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High rates of sea-level rise during the last interglacial period


The last interglacial period, Marine Isotope Stage (MIS) 5e, was characterized by global mean surface temperatures that were at least 2 C warmer than present1. Mean sea level stood 4–6 m higher than modern sea level2,3,4,5,6,7,8,9,10,11,12,13, with an important contribution from a reduction of the Greenland ice sheet1,14. Although some fossil reef data indicate sea-level fluctuations of up to 10 m around the mean3,4,5,6,7,8,9,11, so far it has not been possible to constrain the duration and rates of change of these shorter-term variations. Here, we use a combination of a continuous high-resolution sea-level record, based on the stable oxygen isotopes of planktonic foraminifera from the central Red Sea15,16,17,18, and age constraints from coral data to estimate rates of sea-level change during MIS-5e. We find average rates of sea-level rise of 1.6 m per century. As global mean temperatures during MIS-5e were comparable to projections for future climate change under the influence of anthropogenic greenhouse-gas emissions19,20, these observed rates of sea-level change inform the ongoing debate about high versus low rates of sea-level rise in the coming century21,22.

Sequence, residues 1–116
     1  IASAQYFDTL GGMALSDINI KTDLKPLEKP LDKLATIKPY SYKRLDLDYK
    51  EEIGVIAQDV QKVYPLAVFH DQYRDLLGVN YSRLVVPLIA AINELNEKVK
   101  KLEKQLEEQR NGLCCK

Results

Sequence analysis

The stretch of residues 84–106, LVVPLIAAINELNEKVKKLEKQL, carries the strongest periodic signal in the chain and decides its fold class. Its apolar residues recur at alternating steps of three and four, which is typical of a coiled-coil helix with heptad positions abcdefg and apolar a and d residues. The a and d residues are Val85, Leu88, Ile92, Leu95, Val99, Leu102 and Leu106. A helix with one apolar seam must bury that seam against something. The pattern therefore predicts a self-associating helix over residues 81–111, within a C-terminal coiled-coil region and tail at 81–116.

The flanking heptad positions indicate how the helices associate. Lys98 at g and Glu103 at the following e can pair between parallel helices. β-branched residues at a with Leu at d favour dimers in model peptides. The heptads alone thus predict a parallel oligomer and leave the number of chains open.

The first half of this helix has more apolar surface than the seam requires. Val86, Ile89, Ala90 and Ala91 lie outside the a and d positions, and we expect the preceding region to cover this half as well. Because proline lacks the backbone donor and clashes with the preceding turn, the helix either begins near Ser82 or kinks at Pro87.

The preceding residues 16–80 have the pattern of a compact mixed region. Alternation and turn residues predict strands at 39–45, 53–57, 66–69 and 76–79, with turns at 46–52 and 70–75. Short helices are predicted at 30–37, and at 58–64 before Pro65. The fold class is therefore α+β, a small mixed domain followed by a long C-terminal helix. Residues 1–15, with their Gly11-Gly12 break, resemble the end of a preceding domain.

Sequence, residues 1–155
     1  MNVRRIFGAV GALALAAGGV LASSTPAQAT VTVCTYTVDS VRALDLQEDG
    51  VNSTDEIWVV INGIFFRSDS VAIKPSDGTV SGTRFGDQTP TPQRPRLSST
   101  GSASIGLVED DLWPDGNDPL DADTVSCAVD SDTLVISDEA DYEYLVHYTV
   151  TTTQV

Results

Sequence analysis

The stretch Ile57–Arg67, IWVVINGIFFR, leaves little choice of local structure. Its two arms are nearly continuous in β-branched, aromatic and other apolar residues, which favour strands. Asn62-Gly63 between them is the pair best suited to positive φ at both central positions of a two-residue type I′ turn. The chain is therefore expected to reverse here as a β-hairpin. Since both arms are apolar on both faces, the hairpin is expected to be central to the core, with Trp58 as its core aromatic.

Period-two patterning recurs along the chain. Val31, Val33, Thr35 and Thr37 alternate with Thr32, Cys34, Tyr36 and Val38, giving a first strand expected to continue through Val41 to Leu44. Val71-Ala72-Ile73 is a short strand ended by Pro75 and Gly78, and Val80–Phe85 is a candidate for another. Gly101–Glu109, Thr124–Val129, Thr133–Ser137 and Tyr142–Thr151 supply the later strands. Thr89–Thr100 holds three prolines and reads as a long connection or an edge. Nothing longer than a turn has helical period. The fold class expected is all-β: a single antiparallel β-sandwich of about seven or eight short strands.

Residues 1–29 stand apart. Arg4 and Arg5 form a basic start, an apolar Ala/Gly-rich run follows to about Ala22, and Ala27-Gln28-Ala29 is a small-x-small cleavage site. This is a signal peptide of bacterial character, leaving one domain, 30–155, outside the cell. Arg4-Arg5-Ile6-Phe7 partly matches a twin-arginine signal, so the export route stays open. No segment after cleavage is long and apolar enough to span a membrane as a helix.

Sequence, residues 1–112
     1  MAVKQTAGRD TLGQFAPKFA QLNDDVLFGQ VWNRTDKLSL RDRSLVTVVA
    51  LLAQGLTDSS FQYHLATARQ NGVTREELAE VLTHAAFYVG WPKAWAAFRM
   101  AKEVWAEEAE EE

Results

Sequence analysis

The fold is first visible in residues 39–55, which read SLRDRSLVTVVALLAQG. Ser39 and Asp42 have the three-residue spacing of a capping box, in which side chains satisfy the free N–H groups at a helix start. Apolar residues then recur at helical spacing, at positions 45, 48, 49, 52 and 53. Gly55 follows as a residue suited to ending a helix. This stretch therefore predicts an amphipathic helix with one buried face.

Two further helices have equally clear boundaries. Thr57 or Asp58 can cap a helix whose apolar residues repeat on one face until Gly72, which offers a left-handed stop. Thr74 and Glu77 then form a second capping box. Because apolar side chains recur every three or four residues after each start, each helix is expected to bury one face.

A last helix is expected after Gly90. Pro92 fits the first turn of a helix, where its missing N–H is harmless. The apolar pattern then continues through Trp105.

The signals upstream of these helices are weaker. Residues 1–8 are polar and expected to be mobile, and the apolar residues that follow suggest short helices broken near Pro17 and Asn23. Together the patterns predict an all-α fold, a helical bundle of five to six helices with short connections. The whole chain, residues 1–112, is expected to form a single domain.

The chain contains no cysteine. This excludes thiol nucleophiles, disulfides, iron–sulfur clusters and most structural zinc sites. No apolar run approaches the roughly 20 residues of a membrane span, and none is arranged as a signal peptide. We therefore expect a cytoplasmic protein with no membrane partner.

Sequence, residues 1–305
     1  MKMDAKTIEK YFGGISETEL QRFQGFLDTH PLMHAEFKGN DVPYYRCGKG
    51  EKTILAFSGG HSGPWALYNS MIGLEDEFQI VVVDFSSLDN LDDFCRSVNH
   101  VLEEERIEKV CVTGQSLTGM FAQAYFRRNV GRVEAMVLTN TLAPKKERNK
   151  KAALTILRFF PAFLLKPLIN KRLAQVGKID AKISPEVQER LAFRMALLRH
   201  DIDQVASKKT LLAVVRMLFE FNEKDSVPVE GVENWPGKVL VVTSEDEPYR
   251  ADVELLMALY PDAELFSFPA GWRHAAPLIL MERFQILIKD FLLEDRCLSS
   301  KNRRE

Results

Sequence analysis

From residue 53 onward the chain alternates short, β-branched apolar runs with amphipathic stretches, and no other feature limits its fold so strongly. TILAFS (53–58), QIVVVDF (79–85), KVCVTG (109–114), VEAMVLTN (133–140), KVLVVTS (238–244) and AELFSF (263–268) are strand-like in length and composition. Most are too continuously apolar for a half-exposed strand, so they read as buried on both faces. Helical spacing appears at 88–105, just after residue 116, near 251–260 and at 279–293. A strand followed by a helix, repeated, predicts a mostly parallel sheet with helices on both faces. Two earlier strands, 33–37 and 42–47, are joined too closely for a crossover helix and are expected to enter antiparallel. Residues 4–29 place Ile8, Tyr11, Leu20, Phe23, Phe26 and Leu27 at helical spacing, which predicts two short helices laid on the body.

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Figure 1: Stable isotope and derived sea-level records for central Red Sea cores KL11 and KL09.
Figure 2: MIS-5e high-resolution Red Sea sea-level reconstruction for KL11 and KL09 versus coral data.


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We thank all colleagues who have offered advice that helped shape the arguments in this manuscript, I. Schmeltzer, S. Geiselhart and H. Erlenkeuser for work on core KL11, and G. Trommer and M. Siccha for work on KL09. H. Elderfield provided valuable feedback to the Mg/Ca pilot study, and I. Marshall and C. Hayward helped with scanning electron microscope and electron microprobe analyses. This study was supported by the UK Natural Environment Research Council (NERC, NE/C003152/1), the German Science Foundation (DFG, He 697/17; Ku 2259/3) and EC project STOPFEN (HPRN-CT-2002-00221).

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Correspondence to E. J. Rohling or Ch. Hemleben.

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Supplementary table S1 and supplementary figures S1, S2 and S3 (PDF 939 kb)

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Rohling, E., Grant, K., Hemleben, C. et al. High rates of sea-level rise during the last interglacial period. Nature Geosci 1, 38–42 (2008).

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